>
>             On Thu, Sep 11, 2014 at 8:42 AM, Domenic Denicola
>             <domenic at domenicdenicola.com
>             <mailto:domenic at domenicdenicola.com>> wrote:
>
>                 There are several problems solved by async/await
>                 instead of twisting generators:
>
>                 1. What if you wanted to use generators for lazy
>                 sequences (iterables), instead of asynchronicity? If
>                 your framework assumes all generators are for async,
>                 you lose the original use case of generators.
>
>                 2. Say what you mean. `function*` and `yield` mean
>                 something very different from `async function` and
>                 `await`, similar to how `Subclass.prototype =
>                 Object.create(Superclass.prototype);
>                 Subclass.prototype.constructor = Subclass` is
>                 different from `class Subclass extends Superclass`.
>
>                 3. Operator precedence. You can do `await a + await b`
>                 to mean `(await a) + (await b)`, but `yield a + yield
>                 b` means `yield (a + (yield b))`.
>
>                 4. Ability to produce promise-returning functions
>                 without buying into a specific framework that
>                 interprets generators in a certain way. E.g., you
>                 could use `async function f() { return 5; }` to return
>                 a promise for 5, which people can consume with
>                 `f().then(v => ...)`. If you try to do `function* f()
>                 { return 5; }` you will get an iterable, which is not
>                 understood to be asynchronous. (Hopefully my use of
>                 `return 5` for brevity instead of more complex code
>                 does not confuse this point for you.)
>
>                 As for stack traces, long stack trace support is a
>                 debugging feature, and the fact that `yield*` gets
>                 them right now doesn't mean that `await` won't get
>                 them in the future.
>
>                 -----Original Message-----
>                 From: es-discuss
>                 [mailto:es-discuss-bounces at mozilla.org
>                 <mailto:es-discuss-bounces at mozilla.org>] On Behalf Of
>                 Jeswin Kumar
>                 Sent: Thursday, September 11, 2014 11:46
>                 To: es-discuss at mozilla.org <mailto:es-discuss at mozilla.org>
>                 Subject: Does async/await solve a real problem?
>
>                 Looking at my project (in which asynchronous calls are
>                 entirely done via generators), I can't see how
>                 async/await would simplify code for end-users like me
>                 (application programmers).
>
>                 End users write the spawn()/Q.async()/co() wrapper *at
>                 most* one single time in an application:
>                 1. When using a framework like say koajs, you don't
>                 have to write it even once.
>                 2. While not using a framework, you'd have to use the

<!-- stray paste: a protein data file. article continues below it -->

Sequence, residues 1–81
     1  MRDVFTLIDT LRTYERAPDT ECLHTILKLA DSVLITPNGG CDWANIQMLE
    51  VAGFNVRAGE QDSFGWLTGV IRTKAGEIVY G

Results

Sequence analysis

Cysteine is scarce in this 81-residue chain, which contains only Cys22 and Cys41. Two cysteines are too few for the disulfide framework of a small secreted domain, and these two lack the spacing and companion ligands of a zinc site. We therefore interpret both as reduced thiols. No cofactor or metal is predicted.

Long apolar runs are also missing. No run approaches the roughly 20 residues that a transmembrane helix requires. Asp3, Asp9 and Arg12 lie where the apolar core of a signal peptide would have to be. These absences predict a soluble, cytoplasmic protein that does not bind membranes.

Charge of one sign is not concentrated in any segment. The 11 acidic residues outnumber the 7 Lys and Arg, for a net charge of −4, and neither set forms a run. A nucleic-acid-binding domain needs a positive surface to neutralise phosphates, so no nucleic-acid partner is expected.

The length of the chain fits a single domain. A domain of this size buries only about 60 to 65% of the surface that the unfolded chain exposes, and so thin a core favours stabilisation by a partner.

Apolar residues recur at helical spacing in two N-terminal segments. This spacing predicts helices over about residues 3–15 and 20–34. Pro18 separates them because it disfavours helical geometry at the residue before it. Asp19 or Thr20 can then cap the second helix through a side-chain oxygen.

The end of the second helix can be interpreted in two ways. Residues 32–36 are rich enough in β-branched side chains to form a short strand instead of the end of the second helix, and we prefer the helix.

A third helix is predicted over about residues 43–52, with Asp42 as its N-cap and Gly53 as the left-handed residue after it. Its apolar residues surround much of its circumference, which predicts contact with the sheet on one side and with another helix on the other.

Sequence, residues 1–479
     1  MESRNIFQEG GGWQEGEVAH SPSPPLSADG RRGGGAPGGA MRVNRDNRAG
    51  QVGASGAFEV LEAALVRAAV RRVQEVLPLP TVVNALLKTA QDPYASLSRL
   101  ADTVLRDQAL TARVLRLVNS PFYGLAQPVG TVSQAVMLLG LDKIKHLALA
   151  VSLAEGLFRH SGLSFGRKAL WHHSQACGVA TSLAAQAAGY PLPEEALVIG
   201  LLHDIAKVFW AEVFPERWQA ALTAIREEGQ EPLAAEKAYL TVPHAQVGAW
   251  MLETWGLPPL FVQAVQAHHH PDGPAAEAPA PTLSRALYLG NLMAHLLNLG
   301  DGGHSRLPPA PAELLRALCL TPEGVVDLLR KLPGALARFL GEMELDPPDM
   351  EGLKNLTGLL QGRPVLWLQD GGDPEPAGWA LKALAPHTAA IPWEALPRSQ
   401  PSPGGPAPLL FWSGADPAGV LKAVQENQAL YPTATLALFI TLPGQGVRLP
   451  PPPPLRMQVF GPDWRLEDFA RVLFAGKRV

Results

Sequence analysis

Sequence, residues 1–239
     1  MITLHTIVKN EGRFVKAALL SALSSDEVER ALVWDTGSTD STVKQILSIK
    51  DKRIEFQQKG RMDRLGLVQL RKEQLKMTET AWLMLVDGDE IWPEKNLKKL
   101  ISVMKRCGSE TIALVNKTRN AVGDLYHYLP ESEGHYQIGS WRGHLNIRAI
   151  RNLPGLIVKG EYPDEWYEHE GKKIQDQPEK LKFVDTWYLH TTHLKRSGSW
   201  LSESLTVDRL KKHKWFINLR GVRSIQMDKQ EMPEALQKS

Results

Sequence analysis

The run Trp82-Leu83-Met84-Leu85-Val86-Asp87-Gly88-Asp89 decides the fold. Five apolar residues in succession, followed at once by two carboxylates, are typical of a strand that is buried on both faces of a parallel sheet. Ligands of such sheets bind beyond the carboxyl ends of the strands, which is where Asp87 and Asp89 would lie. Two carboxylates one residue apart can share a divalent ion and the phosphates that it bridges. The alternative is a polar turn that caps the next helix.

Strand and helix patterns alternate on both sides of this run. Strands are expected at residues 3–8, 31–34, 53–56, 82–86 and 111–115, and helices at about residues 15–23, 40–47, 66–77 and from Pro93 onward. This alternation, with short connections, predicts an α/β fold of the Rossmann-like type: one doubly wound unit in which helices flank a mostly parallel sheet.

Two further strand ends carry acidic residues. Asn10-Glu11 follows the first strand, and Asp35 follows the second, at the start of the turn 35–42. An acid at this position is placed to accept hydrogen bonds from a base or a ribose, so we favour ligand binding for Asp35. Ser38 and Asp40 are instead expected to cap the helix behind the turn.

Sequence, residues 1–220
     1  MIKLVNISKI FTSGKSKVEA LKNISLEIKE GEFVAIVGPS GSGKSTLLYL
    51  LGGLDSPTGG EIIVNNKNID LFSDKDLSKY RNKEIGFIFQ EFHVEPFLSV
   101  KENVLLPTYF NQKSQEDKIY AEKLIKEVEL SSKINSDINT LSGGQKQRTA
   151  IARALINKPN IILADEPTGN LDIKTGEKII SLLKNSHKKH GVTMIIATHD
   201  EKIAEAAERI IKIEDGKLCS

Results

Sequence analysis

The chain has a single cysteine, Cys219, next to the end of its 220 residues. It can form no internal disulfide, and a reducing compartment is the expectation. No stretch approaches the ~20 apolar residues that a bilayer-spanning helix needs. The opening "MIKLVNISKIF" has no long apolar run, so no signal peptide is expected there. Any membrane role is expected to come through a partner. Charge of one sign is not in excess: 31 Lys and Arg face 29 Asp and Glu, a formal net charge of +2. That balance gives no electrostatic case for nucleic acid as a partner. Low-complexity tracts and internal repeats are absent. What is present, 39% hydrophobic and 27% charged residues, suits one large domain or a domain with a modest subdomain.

>                 wrapper one single time in say, the main.js file.
>
>                 To use the example at
>                 http://wiki.ecmascript.org/doku.php?id=strawman:async_functions
>
>                 async function chainAnimationsAsync(elem, animations)
>                 { CODE; } is just function chainAnimationsAsync*(elem,
>                 animations) { same CODE; } when flow control is done
>                 by a framework or at the entry point to your
>                 application. spawn() isn't needed.
>
>                 I can't see how this will reduce application's code
>                 even a little. So my question is, is async/await needed?
>
>
>                 One more question
>                 --------------------------
>                 1. yield is practically very difficult to use in a
>                 project because you don't get proper stack traces (at
>                 least with the current flow control libraries). You'd
>                 only see the last call which threw the error, and then
>                 functions from the flow control library immediately
>                 below that. I suppose the generators leading up to the
>                 erring generator are all suspended and wouldn't be on
>                 the stack frame chain.
>
>                 2. yield* generator delegation solves this problem,
>                 you get real stack traces. I was able to get full
>                 stack traces simply by replacing all yield X() with
>                 yield* X()
>
>                 example code as in: https://github.com/chopachom/syncio
>
>                 So if there are valid use-cases for adding async/await
>                 to JS, shouldn't it be based on how yield* works
>                 rather than yield?
>
>                 -- Jes
>
>                 The Fora Project is coming...
>                 https://github.com/jeswin/fora
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>
>
>
>     -- 
>         Cheers,
>         --MarkM
>
>
>
>